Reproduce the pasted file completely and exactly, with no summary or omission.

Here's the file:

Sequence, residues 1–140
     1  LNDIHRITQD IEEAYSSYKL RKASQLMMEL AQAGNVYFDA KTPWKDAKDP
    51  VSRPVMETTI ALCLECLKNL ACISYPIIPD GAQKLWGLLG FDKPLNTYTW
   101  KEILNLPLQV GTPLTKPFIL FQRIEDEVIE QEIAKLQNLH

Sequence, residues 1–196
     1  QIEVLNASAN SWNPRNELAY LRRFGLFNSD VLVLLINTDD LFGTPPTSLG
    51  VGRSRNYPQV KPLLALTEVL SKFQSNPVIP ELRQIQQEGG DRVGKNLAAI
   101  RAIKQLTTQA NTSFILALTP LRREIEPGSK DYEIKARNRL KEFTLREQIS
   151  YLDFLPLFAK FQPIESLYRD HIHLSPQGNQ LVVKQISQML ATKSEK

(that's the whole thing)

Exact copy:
Sequence, residues 1–140
     1  LNDIHRITQD IEEAYSSYKL RKASQLMMEL AQAGNVYFDA KTPWKDAKDP
    51  VSRPVMETTI ALCLECLKNL ACISYPIIPD GAQKLWGLLG FDKPLNTYTW
   101  KEILNLPLQV GTPLTKPFIL FQRIEDEVIE QEIAKLQNLH

Sequence, residues 1–196
     1  QIEVLNASAN SWNPRNELAY LRRFGLFNSD VLVLLINTDD LFGTPPTSLG
    51  VGRSRNYPQV KPLLALTEVL SKFQSNPVIP ELRQIQQEGG DRVGKNLAAI
   101  RAIKQLTTQA NTSFILALTP LRREIEPGSK DYEIKARNRL KEFTLREQIS
   151  YLDFLPLFAK FQPIESLYRD HIHLSPQGNQ LVVKQISQML ATKSEK